Now, I'm a pretty smart guy, and I like to think that I have at least a little common sense, but I didn't have the slightest idea what to do with the prescription. Now imagine someone who's never been to pharmacy school (maybe even never went to college), has no idea what the doctor just prescribed them, can't read the prescription, can't even tell if the name on top of the prescription is actually their name, and just generally clueless as to how the pharmacy actually bills the insurance company for this. All this guy knows is that at a pharmacy, he hands a piece of paper to someone, and then magically some time later a medication is ready for him.

Almost all situations where a customer gets angry are due to some sort of misunderstanding. It's not their job to know how prescriptions are filled. It's our job. They don't understand why their insurance company won't cover Crestor but will cover Zocor (generic of course). They don't understand how the generic can possibly be as good as the brand name medication. They think generic medications are no different from store brand foods, makeup, or something else like that. They've never been educated that generic products have the exact same active ingredients in the exact same doses and are tested to ensure they have similar bioavailability (yes, I realize that in some products such as coumadin and synthroid, the generics are not quite the same as the brand, but neither is better or worse, but just different).

Customers also don't realize that we have to put up with the same bullshit from doctor's offices that they do. There is no miracle pharmacy line with receptionists, nurses, and/or doctors waiting on the other end just to answer all our questions and approve all our refill requests. We get put on hold just as long, if not longer than patients do. Half of the time, the second we say we're from the pharmacy, they send us straight to a voice mailbox where we have to leave a message no matter what we were calling about. Moreover, the time when the most people are dropping off new prescriptions is right after everyone gets out of work, which just happens to be precisely when doctor's offices close for the day, and even though we still get prescriptions called in and faxed in from the office after it closes, we'd have a better chance of calling and speaking to the President than we do talking to someone in a doctor's office after hours.

In addition, generally customers know absolutely nothing about drugs. My mother works in healthcare, so I had a little bit of knowledge about which drug is in which product and what the products are for. Most other people don't know anything except what is advertised on TV. For all they know, Tylenol and Motrin are the same. I remember thinking I was a genius when I learned Motrin and Advil both contained Ibuprofen, which I learned was an anti-inflammatory drug, while Tylenol contained Acetaminophen which wasn't good for inflammation. How would you know that stuff without someone teaching it to you, and who could teach it to you besides someone with healthcare training?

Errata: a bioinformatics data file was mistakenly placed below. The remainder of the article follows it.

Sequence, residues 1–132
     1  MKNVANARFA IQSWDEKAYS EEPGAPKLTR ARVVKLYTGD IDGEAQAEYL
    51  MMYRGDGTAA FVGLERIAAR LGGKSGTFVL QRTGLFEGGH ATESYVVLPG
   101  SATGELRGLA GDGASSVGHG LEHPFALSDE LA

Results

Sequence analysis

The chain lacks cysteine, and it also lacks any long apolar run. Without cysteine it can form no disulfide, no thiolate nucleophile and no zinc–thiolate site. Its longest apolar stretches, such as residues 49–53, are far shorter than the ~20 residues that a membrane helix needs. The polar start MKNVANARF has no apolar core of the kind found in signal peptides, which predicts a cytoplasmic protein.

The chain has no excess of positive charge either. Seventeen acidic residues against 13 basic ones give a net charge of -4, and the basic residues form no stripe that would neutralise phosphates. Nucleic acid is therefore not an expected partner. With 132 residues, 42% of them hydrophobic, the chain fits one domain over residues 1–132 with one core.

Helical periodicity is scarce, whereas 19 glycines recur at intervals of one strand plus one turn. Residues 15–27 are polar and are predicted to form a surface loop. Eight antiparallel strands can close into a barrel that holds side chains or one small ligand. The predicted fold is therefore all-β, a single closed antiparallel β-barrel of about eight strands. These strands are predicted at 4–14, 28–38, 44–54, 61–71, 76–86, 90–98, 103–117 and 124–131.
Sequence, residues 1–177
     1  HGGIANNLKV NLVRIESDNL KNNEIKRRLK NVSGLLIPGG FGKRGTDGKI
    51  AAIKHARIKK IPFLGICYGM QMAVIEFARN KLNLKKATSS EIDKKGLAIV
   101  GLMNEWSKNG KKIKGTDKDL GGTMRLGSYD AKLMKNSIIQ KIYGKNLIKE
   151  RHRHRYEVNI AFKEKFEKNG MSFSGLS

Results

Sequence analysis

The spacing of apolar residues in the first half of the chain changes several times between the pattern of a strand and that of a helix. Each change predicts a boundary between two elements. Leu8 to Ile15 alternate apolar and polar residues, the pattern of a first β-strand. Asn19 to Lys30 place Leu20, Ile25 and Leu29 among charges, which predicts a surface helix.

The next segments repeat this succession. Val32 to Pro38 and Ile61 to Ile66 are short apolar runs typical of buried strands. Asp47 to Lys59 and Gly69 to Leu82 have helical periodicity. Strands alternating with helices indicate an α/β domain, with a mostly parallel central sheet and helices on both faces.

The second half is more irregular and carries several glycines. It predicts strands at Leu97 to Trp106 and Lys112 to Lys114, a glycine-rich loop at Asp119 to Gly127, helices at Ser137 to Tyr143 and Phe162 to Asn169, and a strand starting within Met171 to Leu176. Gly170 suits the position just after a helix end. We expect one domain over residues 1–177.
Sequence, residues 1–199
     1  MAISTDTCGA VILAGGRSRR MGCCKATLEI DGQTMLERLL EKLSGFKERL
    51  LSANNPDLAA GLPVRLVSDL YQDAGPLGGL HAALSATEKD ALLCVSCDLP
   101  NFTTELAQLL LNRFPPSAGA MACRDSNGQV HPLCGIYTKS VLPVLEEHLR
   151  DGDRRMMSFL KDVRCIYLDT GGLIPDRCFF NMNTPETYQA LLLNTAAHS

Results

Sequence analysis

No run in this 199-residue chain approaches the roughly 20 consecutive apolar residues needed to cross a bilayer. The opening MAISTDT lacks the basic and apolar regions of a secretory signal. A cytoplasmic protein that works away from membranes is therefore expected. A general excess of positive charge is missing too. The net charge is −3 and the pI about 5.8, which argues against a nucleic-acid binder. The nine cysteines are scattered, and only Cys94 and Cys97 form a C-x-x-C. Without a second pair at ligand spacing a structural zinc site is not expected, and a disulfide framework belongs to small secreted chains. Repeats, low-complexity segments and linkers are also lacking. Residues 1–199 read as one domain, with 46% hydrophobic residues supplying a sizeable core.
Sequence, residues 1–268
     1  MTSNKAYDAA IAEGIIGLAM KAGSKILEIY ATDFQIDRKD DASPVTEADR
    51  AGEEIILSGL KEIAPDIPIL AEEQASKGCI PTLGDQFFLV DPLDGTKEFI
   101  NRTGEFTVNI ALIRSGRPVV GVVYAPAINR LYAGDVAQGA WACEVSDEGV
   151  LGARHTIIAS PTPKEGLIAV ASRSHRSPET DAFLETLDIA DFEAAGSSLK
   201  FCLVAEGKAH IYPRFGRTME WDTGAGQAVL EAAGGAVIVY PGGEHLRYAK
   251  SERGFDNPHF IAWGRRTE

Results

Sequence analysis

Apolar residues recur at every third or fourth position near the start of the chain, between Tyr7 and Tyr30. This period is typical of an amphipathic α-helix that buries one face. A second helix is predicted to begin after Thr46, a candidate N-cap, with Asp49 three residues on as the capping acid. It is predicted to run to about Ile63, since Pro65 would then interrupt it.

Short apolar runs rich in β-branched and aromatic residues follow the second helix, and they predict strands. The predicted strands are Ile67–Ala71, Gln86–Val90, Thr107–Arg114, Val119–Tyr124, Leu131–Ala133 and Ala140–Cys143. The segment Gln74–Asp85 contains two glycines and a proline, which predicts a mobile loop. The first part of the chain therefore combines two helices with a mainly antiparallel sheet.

This is why even though it can be infuriating spending 10 minutes trying to explain to some old lady that she doesn't need brand name Keflex (true example), I feel like I have to at least be understanding about it. That's why, even though I find it hilarious when other pharmacists write about how people can't even follow very clear and simple directions on their prescription bottle, I feel a little bad doing so myself. Medication is intimidating to a lot of people.

For example, "Take 1 tablet 4 times a day until finished." Those are typical penicillin directions. What can be more basic than penicillin, right? Well, which 4 times a day should he take it? She he take it every 6 hours? Should he wake up in the middle of the night to take a tablet on the 6 hour mark? Will something happen if he misses a dose? Until finished with what? The infection? The tablets? The symptoms? Someone who doesn't know anything about medication and is intimidated by it could conceivably ask all these questions.

Yeah... so that's my state of mind right now. I'm sure I'll write about stupid customers again, but I'll always feel a little guilty doing so. Doctor's offices on the otherhand.....

Tuesday, August 7, 2007

Stressed out...

I don't know how much longer I can put up with the stress of the pharmacy. Maybe I just don't handle stress well. I don't really know. Whatever the reason, I seem to be under more stress than anyone else.

Stress Source: Untrained clerks

Our non-pharmacist employees cannot handle anything more complicated than grabbing a prescription from the bin and ringing it up at the register. Actually, half the time, they can't even do this without incident. Can't find the prescription in the bin; Let's call the pharmacist. Patient has a new insurance card; Let's call the pharmacist to rebill the claim. Patient has no refills; Let's call the pharmacist just to make sure. Of course, they don't just call any pharmacist. They all call me. Therefore, I'm bouncing from place to place to place to place trying to help everyone all the while not getting anything done.

Stress Source: Terrible, lazy pharmacist coworkers